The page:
If Snowden’s not on the plane to Cuba, where is he?

Whistleblower-on-the-run Edward Snowden is either spectacular at disguises, or he didn't board that flight to Cuba.

 

Kevin Collier

Internet Culture

Published Jun 24, 2013   Updated Jun 1, 2021, 12:52 pm CDT

Whistleblower-on-the-run Edward Snowden is either spectacular at disguises, or he didn’t board that flight to Cuba.

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Snowden, 30, is currently in a mad dash around the world, and a statement from WikiLeaks says his eventual destination is Ecuador. He left Hong Kong Sunday, seemingly in response to getting charged with espionage, theft, and conversion of government property by the U.S. Department of Justice. A former government contractor, Snowden had had access to a host of classified NSA documents, including a PowerPoint presentation illustrating PRISM, its formerly unknown government surveillance program.

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Ecuador has no extradition treaty with the U.S.

There’s little doubt Snowden left Hong Kong successfully. The city’s government confirmed as much in a dramatic press release. It’s widely believed he landed in Moscow. But journalists boarded the flight he was expected to take from Moscow to Cuba, only to find no Snowden there

It’s unclear if Snowden had trouble boarding because of passport troubles. According to the Associated Press, his passport was actually revoked before he boarded the flight to Russia. A state department official said privacy laws kept her from commenting on Snowden specifically, but said that “persons with felony arrest warrants,” as Snowden is, “are subject to having their passport revoked,” and that the practice “is routine and consistent with U.S. regulation.”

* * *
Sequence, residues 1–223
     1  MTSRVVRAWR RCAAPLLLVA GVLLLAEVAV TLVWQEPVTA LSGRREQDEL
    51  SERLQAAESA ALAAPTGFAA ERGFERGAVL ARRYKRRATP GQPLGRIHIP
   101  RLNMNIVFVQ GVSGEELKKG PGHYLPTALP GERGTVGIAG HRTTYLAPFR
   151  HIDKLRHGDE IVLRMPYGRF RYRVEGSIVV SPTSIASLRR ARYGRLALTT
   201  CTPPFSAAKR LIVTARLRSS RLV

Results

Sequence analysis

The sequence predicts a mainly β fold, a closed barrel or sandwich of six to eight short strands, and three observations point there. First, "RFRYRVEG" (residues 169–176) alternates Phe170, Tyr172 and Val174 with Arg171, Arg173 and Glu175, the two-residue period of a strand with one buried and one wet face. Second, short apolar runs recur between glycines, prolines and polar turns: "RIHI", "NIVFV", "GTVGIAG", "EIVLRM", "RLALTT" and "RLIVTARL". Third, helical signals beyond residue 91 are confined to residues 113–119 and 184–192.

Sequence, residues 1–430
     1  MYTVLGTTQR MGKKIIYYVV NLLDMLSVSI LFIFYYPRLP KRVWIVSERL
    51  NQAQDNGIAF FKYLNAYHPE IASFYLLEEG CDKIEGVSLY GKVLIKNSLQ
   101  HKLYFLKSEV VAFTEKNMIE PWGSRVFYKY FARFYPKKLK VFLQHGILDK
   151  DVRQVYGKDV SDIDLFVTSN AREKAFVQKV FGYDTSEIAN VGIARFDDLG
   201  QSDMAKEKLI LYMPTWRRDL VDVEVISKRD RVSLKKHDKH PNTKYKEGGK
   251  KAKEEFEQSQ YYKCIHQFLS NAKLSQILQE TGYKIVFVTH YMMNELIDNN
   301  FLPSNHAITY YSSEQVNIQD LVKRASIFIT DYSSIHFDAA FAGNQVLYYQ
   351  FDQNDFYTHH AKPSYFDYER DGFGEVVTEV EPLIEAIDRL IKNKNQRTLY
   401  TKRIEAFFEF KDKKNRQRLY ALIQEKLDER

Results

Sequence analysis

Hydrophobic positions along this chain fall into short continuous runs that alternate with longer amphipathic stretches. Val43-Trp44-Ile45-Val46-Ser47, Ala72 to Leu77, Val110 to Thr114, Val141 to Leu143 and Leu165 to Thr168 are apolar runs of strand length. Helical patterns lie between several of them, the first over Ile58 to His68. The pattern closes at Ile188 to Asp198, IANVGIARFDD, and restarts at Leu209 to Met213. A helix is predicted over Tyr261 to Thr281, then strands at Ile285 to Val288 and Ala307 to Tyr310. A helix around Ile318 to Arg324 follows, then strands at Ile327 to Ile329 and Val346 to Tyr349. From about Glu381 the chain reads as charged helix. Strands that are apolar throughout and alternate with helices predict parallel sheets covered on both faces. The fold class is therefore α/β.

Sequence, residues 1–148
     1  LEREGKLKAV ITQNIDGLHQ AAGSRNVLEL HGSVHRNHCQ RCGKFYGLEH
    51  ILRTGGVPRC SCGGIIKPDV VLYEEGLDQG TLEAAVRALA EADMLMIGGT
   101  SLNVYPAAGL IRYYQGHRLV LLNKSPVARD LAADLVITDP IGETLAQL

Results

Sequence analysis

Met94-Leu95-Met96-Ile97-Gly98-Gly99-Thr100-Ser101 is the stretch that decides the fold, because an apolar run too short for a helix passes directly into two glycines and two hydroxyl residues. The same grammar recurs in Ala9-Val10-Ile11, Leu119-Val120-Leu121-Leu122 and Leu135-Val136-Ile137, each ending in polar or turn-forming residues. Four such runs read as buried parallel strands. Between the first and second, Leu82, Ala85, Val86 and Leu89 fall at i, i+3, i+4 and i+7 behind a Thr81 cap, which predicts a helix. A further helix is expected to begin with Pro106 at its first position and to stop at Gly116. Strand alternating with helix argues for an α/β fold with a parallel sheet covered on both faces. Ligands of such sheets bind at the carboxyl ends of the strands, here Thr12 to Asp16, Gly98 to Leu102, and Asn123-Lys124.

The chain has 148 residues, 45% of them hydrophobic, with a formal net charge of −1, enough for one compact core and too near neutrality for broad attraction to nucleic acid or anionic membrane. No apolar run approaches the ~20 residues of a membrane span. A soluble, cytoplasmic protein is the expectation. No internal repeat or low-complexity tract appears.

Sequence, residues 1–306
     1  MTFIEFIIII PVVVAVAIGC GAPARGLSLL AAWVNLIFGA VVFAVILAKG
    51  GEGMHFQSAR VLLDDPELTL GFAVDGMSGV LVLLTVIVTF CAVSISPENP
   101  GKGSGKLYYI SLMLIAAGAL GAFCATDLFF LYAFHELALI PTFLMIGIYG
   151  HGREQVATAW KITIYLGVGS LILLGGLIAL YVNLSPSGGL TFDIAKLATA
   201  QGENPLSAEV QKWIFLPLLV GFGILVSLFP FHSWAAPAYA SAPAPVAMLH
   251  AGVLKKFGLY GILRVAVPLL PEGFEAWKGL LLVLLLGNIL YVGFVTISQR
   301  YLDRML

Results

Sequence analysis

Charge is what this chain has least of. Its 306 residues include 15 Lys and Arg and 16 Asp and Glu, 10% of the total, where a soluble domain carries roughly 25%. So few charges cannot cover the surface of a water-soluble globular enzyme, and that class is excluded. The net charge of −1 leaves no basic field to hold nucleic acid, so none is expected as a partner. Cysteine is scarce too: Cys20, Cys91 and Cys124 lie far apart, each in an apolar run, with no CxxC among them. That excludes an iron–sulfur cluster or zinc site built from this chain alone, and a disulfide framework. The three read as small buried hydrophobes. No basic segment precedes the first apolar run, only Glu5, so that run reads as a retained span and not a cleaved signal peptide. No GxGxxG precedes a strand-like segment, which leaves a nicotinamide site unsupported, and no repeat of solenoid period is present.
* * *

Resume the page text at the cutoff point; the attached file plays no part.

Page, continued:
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Russian news agency InterFax has quoted a Russian legal expert in saying that a revoked passport wouldn’t keep Snowden from traveling on to Latin America.

Many U.S. officials have called upon Russia to deliver Snowden to the U.S. Senator Chuck Schumer (D-N.Y.) said Russian President Vladimir Putin was “aiding and abetting Snowden’s escape.” But Putin’s press secretary claimed the Russian government has “no information” about Snowden.

Venezuelan Minister of Foreign Affairs Ricardo Aroca confirmed via Twitter that he had received an asylum request from Snowden, but did not say whether he’d grant it.

The Government of Ecuador has received an asylum request from Edward J. #Snowden

— Ricardo Patiño Aroca (@RicardoPatinoEC) June 23, 2013

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Photo via steve conry/Flickr

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*First Published: Jun 24, 2013, 8:46 am CDT